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Samurai Jack

STL to sort vertices

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Greetings! I am writing some convertes for Alias|Wavefront Maya .OBJ file format. The point is, that i get the information in some kind of vertex list. For every face i get 3 vertices. Not vertex indexes. Small example of two faces: 3.2 5.2 6.1 2.1 2.3 4.5 6.7 8.2 1.2 3.2 5.2 6.2 3.4 5.6 8.7 6.7 8.2 1.2 That would be 2 triangles, vertices are passed as float x,y,z; I load those vertices in my: struct vertex_t{ float x, y, z; }; I pushback every vertex in a vector like this: std::vector<vertex_t*> vertices; vertices.pushback(new vertex_t(x,y,z)); In souch a "vector" some vertices do repeat themself. Is there any automated way that would generate me a unique list of only unique vertices like face information? I see myself writing souch kind of parses every month. Is there a more elegant way? I don't want to sort that vertex container over and over again by my self.

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Here's some completely 100% untested source code that I just wipped up:


const float tollerance = 0.0001f;


struct Vector3fLess
{
bool operator ()(const Vector3f &a, const Vector3f &b) const
{
float diff;
bool isLess = false;

diff = b.x - a.x;
if (diff > tollerance)
{
isLess = true;
}
else if (diff >= -tollerance)
{
diff = b.y - a.y;
if (diff > tollerance)
{
isLess = true;
}
else if (diff >= -tollerance)
{
isLess = (b.z - a.z > tollerance);
}
}

return isLess;
}
};



void createUniqueVertices(const std::vector<Vector3f> &inputVerts, std::vector<Vector3f> &outputVerts, std::vector<int> outputIndices)
{
std::map<Vector3f, int, Vector3fLess> uniqueVertices;

outputIndices.reserve(inputVerts.size());

for (std::vector<Vector3f>::const_iterator i = inputVerts.begin(); i != inputVerts.end(); ++i)
{
std::map<Vector3f, int, Vector3fLess>::iterator found = uniqueVertices.find(*i);
int index;

if (found == uniqueVertices.end())
{
// New vertex
index = uniqueVertices.size();
uniqueVertices[*i] = index;
}
else
{
// Use existing vertex
index = found->second;
}

outputIndices.push_back(index);
}

outputVerts.resize(uniqueVertices.size());

for (std::map<Vector3f, int, Vector3fLess>::iterator i = uniqueVertices.begin(); i != uniqueVertices.end(); ++i)
{
outputVerts[i->second] = i->first;
}
}

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Insert it all into a std::map<Vertex, unsigned short> object, with the unsigned short being the index of the vertex.

So, load a vertex from file, then check if it exists in the map object. If it doesn't, insert it into the map index with an index of map.size()-1, or something like that. If it does exist, don't insert it into the map and assign the index of the next vertex in the triangle to be map[vertex].

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Quote:
Original post by Samurai Jack
struct vertex_t{ float x, y, z; };
std::vector<vertex_t*> vertices;
vertices.pushback(new vertex_t(x,y,z));


Ow, ow, ow. Please don't store them by pointer in your vector, there's absolutely no reason to. It's already a small type with value semantics and you don't need polymorphic behavior. Storing on the heap will increase your memory use by at least a quarter ( possibly more, depending on padding your heap's block size ), make your program slower ( since heap allocation isn't cheap and you'll have an extra indirection penalty ), and make your program harder to code ( because you'll have to remember to delete all those structs at some point ).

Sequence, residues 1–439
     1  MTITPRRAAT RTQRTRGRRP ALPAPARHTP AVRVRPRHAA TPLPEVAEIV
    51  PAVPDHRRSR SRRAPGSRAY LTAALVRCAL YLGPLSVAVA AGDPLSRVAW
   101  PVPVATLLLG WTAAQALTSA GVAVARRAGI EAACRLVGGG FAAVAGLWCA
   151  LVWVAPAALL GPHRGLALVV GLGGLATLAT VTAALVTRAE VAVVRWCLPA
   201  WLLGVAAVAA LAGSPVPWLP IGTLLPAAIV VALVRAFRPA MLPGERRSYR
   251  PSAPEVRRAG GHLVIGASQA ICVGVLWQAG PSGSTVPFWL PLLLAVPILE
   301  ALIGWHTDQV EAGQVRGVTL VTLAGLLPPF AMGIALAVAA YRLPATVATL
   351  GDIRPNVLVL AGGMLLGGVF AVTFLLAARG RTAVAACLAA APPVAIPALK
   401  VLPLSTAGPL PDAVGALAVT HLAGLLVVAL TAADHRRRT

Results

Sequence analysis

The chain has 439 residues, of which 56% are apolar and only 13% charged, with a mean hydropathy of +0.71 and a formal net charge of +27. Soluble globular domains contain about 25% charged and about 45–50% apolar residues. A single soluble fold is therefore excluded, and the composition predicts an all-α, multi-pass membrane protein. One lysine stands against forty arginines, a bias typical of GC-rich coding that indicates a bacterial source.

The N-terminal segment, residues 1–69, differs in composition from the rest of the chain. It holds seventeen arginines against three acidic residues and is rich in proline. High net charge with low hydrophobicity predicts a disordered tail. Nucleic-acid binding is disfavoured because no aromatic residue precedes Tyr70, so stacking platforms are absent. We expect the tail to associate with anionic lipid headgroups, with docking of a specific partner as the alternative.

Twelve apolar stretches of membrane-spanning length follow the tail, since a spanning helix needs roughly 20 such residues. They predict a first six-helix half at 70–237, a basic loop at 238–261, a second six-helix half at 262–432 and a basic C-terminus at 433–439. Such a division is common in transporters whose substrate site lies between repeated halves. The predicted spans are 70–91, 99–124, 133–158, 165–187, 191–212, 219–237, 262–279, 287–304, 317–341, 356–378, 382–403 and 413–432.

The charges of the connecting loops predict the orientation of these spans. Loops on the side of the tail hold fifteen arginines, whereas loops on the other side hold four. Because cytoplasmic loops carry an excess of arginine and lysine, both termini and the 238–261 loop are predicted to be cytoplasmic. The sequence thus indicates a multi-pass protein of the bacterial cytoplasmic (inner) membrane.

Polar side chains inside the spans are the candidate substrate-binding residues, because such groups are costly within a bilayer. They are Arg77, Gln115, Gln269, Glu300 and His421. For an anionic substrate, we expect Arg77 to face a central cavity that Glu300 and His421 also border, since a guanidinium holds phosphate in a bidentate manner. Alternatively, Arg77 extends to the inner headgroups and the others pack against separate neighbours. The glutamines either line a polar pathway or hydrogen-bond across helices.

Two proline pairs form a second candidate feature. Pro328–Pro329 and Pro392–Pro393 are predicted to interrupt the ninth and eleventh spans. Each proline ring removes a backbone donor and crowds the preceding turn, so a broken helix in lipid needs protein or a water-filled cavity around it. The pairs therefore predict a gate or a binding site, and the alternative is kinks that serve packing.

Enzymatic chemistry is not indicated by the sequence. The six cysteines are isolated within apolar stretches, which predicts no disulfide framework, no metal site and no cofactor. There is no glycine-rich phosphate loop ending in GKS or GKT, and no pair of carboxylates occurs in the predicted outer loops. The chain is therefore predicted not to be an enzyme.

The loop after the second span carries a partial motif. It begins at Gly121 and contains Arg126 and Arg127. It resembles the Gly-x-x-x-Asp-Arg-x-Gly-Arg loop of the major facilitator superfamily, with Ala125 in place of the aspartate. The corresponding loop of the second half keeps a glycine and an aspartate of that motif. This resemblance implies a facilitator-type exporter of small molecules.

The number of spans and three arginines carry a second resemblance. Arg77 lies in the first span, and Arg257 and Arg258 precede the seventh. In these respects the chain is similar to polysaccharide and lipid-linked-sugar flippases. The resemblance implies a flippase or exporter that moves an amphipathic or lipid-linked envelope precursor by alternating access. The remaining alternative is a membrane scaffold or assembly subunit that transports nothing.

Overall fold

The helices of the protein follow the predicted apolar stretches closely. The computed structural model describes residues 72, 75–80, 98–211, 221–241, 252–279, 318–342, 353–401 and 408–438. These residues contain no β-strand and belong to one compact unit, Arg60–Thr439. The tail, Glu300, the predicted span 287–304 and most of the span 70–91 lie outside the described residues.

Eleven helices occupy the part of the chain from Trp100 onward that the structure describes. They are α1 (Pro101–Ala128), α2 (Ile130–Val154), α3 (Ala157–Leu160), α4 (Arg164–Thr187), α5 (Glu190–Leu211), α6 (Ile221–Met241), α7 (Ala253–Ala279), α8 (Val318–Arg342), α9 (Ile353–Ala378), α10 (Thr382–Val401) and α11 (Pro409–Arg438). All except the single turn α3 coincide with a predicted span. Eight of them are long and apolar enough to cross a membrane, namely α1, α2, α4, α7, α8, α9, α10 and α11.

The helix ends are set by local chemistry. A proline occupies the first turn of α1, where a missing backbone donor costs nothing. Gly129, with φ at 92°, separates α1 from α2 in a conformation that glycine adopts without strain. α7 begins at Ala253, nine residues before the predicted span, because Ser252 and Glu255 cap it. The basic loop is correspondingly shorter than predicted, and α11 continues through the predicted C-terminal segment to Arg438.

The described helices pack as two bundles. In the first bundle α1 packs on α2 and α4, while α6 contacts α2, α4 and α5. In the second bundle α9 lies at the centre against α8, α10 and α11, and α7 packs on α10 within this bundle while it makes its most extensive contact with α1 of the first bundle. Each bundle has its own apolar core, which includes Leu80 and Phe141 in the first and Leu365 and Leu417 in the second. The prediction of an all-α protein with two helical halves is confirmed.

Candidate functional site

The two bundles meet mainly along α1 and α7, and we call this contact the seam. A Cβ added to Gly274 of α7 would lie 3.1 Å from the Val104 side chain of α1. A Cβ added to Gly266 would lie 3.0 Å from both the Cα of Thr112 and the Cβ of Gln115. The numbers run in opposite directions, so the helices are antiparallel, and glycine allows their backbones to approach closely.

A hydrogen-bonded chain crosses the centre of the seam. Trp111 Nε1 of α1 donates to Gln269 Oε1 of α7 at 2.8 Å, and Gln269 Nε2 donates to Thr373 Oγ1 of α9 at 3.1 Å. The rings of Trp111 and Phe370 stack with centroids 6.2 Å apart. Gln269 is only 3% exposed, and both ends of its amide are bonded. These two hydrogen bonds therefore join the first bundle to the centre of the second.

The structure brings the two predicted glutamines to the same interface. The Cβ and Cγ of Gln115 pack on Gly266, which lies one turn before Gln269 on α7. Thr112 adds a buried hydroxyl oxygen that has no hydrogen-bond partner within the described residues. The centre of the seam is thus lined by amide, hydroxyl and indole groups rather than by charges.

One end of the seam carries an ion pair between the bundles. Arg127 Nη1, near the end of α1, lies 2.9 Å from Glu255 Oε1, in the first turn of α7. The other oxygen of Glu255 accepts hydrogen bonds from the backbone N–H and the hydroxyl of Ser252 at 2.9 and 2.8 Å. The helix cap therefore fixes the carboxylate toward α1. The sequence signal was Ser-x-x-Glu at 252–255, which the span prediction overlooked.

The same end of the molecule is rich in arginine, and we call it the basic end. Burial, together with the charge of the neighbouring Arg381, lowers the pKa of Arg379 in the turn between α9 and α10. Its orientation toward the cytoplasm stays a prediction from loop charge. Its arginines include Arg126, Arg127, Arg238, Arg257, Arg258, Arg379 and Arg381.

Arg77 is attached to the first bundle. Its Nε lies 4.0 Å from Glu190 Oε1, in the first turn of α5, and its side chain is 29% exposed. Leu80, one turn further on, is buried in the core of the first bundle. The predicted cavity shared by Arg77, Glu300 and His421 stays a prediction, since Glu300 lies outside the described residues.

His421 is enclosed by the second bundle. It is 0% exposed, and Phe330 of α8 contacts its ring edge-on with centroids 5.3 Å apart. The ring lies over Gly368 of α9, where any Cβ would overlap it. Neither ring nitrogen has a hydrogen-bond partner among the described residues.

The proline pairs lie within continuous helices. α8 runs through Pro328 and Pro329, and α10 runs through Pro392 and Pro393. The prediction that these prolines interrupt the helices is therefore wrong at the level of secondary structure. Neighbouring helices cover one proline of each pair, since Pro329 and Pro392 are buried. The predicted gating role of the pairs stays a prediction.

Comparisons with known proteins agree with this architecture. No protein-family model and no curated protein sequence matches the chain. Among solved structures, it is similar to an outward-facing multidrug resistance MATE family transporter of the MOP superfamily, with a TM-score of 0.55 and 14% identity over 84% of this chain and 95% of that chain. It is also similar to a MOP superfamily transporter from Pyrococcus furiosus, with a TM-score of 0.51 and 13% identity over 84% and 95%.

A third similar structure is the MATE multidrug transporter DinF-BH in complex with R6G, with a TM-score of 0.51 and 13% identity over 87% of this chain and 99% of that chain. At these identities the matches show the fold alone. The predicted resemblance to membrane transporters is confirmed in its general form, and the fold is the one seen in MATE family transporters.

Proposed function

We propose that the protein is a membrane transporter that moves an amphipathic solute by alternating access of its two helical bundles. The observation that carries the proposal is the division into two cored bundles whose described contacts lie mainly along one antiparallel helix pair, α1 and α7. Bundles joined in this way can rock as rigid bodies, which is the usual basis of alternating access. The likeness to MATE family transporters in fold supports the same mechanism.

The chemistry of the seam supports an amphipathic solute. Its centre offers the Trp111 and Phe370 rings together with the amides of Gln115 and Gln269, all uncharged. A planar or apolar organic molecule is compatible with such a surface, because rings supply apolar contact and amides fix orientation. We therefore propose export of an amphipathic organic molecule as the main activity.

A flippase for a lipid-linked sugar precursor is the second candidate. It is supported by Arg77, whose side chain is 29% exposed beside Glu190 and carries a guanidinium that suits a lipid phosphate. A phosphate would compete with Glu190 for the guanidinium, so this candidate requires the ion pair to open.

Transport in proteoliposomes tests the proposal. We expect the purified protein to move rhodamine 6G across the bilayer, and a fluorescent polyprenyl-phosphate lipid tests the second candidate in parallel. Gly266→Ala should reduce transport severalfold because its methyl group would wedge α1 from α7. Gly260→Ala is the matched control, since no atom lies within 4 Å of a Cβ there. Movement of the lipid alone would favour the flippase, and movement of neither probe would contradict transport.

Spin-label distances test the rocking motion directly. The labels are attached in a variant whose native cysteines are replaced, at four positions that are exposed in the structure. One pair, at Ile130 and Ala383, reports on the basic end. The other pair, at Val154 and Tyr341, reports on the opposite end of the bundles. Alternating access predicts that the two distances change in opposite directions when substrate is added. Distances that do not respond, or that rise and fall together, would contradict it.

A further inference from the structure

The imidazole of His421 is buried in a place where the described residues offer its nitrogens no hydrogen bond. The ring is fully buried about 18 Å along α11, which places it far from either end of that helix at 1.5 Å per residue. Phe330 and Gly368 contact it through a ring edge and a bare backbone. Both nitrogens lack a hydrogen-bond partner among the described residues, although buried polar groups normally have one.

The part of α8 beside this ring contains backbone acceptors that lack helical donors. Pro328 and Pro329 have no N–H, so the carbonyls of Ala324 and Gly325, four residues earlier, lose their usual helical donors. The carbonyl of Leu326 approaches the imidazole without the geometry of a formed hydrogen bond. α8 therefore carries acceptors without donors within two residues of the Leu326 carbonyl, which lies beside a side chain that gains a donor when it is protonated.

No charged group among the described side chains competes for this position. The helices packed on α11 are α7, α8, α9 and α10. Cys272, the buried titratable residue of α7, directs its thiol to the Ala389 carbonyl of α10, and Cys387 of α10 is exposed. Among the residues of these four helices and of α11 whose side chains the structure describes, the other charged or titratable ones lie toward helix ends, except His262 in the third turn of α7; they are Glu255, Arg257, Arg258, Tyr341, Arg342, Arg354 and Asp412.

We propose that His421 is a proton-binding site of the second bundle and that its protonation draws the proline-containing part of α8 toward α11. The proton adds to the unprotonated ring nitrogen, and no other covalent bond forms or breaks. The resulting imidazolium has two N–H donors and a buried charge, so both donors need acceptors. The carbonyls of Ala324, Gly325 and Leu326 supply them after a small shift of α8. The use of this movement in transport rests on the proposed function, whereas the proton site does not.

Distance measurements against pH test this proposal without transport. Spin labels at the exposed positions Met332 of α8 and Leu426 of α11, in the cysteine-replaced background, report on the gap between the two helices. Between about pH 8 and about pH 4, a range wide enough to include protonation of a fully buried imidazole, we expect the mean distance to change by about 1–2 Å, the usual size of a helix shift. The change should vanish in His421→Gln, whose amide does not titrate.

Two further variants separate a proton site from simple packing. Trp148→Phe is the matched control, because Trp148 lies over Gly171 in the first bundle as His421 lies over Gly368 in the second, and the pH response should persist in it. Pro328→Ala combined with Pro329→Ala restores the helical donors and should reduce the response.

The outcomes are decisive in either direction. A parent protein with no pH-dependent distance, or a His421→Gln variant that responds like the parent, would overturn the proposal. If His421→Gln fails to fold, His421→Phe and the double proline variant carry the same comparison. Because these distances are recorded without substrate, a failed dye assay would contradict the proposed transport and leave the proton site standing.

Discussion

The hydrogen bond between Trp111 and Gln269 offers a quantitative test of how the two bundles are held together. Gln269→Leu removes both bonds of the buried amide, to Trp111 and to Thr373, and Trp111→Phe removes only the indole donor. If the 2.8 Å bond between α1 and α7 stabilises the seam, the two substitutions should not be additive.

C++ is not Java.

struct vertex_t{ float x, y, z; };
std::vector<vertex_t> vertices;
vertices.pushback( vertex_t(x,y,z) );

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Implement an operator < and an operator== for the vertex type

then take your vector and do


std::sort(vector.begin(),vector.end())
std::unique(vector.begin(),vector.end())

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Quote:
Original post by Nitage
Implement an operator < and an operator== for the vertex type

then take your vector and do


std::sort(vector.begin(),vector.end())
std::unique(vector.begin(),vector.end())


Except that std::unique ( like std::remove ) doesn't actually remove anything.

You'll probably be happier with:

std::sort(v.begin(),v.end())
v.erase( std::unique(v.begin(),v.end()), v.end() );

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Guest Anonymous Poster
You might want to check out std::set in the STL documentation. I think that is exactly what you need.

HappyMiel

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I second Nitage's code, as modified by me22 to actually remove the duplicates. I bet it'd be much faster than using std::set or std::map. People always seem to use maps even if a sorted vector fits the problem better. Sets and maps are more useful when you're inserting/removing elments frequently. In this case though all your inserts are up-front and then you never insert again. Go with a sorted vector here.

I also recomment you follow me22's advice of working with a container of vertex objects rather than a container of pointers to vertices.

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Quote:
Original post by sthomas
I also recommen[d] you follow me22's advice


=)

And yes, for anything performance-critical sets are basically only useful for HUGE amounts of data ( where their algorithmic complexity finally wins over vector's tiny constants ) or where you really need set's iterator invalidation properties ( in which case a vector of shared_ptrs might be better anyways, especially since that gives you weak_ptrs )

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